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Turbidity levels in Yediyur, Madiwala lakes high: Study

Published: 05th October 2012 10:30 AM  |   Last Updated: 05th October 2012 10:30 AM   |  A+A-

Madiwala-Lakes

Immersion of thousands of Ganesha idols by residents, along with other things, has increased the turbidity levels in prominent lakes in the city, according to an on-site water analysis conducted by the Indian Water Works Association as part of the World Water Quality Monitoring Programme-2012.

The Association took water samples from various water bodies around the city on Wednesday and carried out tests in mobile laboratories to determine its quality and potability.

Accordingly, the Madiwala and Yediyur lakes were found to be the most polluted with low dissolved oxygen levels.

The turbidity levels were two to five times than the permitted values in these tanks. The permissible level of turbidity (muddiness created by suspended foreign particles) is 10. The Madiwala Lake has a turbidity level of 50 and the Yediyur Lake water has 20.

The reason for high turbidity, according to the report, is the high quantity of immersion of Ganesha idols, effluents’ discharge from surrounding areas and raw sewage. Consequently, there is an increase in the pollution levels of these lakes and it may contaminate water in areas located downstream.

Among the many findings, the preliminary study also presented a report which indicated that the levels of Dissolved Oxygen (DO) is also far below the safe limits in both these lakes.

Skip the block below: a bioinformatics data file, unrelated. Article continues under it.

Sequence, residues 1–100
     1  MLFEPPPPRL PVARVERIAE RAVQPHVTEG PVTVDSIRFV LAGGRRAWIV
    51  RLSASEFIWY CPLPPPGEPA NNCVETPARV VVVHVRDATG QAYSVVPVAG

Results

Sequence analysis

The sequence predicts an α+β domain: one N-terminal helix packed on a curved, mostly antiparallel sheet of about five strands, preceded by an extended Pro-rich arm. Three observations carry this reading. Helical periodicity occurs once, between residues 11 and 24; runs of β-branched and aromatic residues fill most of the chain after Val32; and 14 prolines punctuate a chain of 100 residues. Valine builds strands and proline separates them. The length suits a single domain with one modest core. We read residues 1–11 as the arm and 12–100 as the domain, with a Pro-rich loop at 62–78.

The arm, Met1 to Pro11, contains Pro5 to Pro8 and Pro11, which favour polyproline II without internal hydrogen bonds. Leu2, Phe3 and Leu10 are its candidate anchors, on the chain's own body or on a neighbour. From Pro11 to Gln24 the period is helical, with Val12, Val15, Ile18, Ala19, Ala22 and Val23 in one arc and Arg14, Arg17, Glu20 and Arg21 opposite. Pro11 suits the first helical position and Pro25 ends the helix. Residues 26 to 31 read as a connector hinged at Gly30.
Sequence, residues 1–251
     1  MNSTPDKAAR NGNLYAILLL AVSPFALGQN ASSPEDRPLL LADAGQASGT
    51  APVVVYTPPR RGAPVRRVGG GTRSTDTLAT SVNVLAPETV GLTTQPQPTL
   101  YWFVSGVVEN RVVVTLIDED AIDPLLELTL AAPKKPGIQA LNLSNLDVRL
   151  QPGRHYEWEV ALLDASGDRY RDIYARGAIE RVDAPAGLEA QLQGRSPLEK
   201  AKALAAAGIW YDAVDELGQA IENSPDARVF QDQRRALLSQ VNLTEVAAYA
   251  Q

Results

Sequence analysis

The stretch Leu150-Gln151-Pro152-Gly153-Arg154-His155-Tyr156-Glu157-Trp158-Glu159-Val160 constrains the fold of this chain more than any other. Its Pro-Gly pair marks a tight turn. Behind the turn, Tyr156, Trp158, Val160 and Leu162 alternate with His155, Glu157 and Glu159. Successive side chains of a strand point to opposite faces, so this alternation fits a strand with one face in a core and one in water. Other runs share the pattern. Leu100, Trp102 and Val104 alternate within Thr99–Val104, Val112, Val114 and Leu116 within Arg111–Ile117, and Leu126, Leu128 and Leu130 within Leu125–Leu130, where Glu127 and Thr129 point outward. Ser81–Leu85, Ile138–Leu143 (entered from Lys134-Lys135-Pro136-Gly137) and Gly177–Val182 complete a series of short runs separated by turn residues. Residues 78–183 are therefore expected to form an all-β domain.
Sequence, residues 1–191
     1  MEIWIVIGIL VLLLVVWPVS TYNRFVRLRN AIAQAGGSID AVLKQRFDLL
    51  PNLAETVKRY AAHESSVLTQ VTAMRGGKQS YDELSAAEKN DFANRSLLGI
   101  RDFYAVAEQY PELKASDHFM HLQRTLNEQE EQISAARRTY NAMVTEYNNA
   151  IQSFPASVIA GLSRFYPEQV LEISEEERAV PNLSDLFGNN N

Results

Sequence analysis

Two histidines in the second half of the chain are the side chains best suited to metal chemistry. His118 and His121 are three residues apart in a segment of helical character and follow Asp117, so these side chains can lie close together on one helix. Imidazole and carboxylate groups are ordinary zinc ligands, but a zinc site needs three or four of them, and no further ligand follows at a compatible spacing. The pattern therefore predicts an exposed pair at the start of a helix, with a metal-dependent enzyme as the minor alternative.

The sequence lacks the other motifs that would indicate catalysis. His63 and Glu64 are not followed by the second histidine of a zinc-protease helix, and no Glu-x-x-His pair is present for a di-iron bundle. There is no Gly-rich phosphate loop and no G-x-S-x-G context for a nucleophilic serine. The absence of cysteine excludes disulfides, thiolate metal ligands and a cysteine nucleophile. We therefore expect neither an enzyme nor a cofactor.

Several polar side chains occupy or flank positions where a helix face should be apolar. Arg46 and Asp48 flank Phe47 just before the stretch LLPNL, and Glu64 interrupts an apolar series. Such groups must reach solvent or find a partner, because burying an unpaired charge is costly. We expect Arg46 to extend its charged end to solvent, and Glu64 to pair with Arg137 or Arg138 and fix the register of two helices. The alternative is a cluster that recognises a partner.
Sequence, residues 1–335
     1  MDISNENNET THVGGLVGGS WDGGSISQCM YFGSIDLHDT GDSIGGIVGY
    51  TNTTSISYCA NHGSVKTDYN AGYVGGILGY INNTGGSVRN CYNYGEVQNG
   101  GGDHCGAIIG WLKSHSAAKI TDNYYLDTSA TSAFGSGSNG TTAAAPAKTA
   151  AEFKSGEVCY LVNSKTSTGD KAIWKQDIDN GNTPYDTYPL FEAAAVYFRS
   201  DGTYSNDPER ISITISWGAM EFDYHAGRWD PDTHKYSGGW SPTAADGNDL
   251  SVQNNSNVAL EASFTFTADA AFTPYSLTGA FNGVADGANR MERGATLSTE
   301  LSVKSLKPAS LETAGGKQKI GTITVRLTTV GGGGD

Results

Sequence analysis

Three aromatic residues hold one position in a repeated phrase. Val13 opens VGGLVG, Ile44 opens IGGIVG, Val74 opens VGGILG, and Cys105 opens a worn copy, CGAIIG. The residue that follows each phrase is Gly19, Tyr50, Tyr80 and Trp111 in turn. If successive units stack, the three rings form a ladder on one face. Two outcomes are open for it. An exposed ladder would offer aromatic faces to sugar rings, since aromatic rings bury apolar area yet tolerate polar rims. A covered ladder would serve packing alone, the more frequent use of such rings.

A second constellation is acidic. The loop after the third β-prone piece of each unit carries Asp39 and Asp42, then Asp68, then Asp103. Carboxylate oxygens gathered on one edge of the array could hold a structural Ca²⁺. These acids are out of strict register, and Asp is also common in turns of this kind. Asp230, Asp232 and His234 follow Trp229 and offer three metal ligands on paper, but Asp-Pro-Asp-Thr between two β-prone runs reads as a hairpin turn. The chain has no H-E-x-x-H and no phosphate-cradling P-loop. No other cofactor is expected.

The Yediyur Lake with a DO level of 5.0 and Madiwala Lake with a DO level of 4.0 are far below the allowed range of 6.5-8, the study pointed out.

H K Ramaraju, Joint Director of the Indian Water Works Association (IWWA) who is also the Regional Coordinator (South) of the World Water Quality Monitoring Programme 2012, said that a low DO level would lead to the death of aquatic animals. 

Efforts taken to create awareness among public have failed, admitted Dr Vaman Acharya, Chairman, Karnataka State Pollution Control Board (KSPCB).

“Ninety per cent of the Ganesha idols have ended up in our lakes. With the Plaster of Paris, garlands and clay, the water at the surface and bottom levels have to be desilted,” he said.  “It is very difficult to actually make a law as there is absolutely no compliance from the people. Desiltation process would take a long time.”

 Dr Vijayashree of the Institute of Public Health said, “Turbid water has organic materials which rapidly decompose and they may have  effects on skin and when consumed, they lead to gastroenteritis.”

Y N Ashwath, Chairman of the BBMP’s Standing Committee  on Horticulture , said that these lakes will be desilted and cleaned within three days. 



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